Review: English National Ballet - Swan Lake
A sudden decision, earlier this year, to end the tenure of ENB’s artistic director, Wayne Eagling, has left the company in a state of limbo as this season comes to a close and everyone awaits the arrival of Tamara Rojo as his successor. It seems certain that this will mean wholesale change in the artistic and coaching staff and so these performances have taken on a valedictory air.
ENB’s hard-working dancers have been split into many groups over the summer with some performing in swimming pools around London (Like A Fish Out of Water) others dancing at the London Festival in St Paul’s Cathedral and another batch touring with Flawless (Against Time) plus the small matter of international tours to China and Australia. Then there was the uncertainty about who would be dancing these principal roles in Swan Lake. The expected lead pair of Vadim Muntagirov and Daria Klimentová was ruled out with Muntagirov stuck in Russia awaiting a visa to get back into the UK. Given he has been dancing full-time with ENB for three years and his visa status must have been well known by the company’s management, it seems that while ENB have been dancing with Flawless, it is not how their administrative capability might best be described in this regard.
There was at least one silver lining since Muntagirov’s absence elevated two principals into the roles of Odette/Odile and Prince Siegfried who rarely get the opportunity for first night performances. The long-standing Senior Principal, Erina Takahashi, a slight and ethereal dancer, grabbed this chance to be noticed with the lightest of touches; superb as Odette, the white swan; and surprisingly guileful as Odile, the black swan. Earlier in her career, I felt that she was less suited to the seductive expressiveness of Odile but Takahashi has clearly worked hard to improve the complex balancing of this dual role and she should be highly commended for an enchanting performance.
In Klimentová‘s absence, the Czech Republic remained represented at the top of the cast list with Zdenek Konvalina making his debut in Derek Deane’s production. Konvalina is a superb, princely dancer; bringing a decade of experience as a principal with Houston Ballet and in Canada (he joined ENB in 2011) to a role that is almost as complex as the Odette/Odile combination: starting as a hapless, hopeless Prince pining for that something extra and finishing as the heroic lover sacrificing his life for love. It goes without saying that Konvalina dances cleanly and nobly; his beats crisply defined; his jumps impressive without being gymnastic; and his artistry both elegant and dramatic. He spent much of his first year with ENB dancing Strictly Gershwin all around the UK and must have wondered what on earth he had signed up for. Thank goodness we are able, at last, to see him in such consummate classical glory.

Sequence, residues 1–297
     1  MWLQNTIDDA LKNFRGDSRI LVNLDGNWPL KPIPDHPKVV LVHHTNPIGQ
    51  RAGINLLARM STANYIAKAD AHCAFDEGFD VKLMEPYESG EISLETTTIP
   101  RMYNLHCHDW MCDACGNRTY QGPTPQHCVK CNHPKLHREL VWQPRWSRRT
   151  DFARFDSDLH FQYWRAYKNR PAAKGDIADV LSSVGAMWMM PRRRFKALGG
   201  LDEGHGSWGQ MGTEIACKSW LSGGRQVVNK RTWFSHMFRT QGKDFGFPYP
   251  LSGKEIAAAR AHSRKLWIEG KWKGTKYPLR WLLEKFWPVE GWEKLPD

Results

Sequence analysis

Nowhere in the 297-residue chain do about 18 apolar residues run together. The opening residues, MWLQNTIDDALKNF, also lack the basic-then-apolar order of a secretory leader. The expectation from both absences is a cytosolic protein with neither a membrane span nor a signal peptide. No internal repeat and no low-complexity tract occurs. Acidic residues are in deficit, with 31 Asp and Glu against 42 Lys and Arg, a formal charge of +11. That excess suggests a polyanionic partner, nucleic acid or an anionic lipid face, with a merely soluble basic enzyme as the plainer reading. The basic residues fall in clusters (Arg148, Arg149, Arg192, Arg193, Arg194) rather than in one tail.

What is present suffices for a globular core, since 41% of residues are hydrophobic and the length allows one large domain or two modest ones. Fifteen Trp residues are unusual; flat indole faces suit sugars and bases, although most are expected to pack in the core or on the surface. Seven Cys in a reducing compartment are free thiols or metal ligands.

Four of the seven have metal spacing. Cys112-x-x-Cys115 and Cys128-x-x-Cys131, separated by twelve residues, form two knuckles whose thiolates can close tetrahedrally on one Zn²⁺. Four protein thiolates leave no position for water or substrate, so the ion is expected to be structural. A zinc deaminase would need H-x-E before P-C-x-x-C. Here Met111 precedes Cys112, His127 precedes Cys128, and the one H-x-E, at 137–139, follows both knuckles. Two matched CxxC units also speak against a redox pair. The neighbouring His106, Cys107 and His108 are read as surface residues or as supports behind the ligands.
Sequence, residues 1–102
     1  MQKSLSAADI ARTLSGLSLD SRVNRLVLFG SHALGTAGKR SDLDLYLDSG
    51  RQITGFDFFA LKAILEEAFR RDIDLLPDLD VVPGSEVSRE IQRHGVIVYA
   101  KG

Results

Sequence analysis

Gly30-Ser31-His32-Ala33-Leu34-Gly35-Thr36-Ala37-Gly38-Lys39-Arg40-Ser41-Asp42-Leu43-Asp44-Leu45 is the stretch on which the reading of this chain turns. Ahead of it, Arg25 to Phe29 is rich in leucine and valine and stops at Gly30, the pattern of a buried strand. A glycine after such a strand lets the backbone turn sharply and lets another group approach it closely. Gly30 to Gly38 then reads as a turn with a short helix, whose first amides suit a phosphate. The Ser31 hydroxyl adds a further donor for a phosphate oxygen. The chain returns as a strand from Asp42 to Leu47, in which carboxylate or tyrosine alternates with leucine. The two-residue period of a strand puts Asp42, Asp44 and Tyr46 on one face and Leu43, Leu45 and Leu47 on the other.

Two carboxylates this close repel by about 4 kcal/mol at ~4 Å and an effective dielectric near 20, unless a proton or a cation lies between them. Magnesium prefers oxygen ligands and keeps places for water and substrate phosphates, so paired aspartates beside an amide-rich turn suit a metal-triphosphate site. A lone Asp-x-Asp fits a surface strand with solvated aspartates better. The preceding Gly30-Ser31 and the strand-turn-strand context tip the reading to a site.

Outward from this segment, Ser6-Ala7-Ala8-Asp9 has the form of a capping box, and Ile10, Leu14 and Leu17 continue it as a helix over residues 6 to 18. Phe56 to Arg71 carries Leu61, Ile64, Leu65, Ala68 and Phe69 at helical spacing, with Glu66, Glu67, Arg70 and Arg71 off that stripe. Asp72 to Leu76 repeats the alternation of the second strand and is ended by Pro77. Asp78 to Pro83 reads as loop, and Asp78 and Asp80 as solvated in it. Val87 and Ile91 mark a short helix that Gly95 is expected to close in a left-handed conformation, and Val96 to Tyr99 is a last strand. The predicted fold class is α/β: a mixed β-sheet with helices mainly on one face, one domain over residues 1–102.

Deane’s production is exactly as we expect Swan Lake to be and a perfect antidote to the awful version presented by the Schaufuss Company on this stage a week previously. Deane respects the traditional Petipa/Ivanov choreography and his few idiosyncrasies tend to work, such as the pas de quatre in Act 1. An appropriately idyllic atmosphere is superbly captured in Peter Farmer’s quintessential designs. Given the difficulties that must have hampered some aspects of the preparation for these performances, the dancers were outstanding across the board but I especially enjoyed some excellent national dances, the lead swans (Jenna Lee and Lauretta Summerscales) and a very well disciplined corps de ballet.
It was not exactly the show we were expecting but it was nonetheless a highly enjoyable evening and one which provides a fine farewell for the departing artistic staff. I expect the style of the company to change once Rojo arrives but she is certainly inheriting a talented, diverse and attractive cohort of dancers.
Review: Graham Watts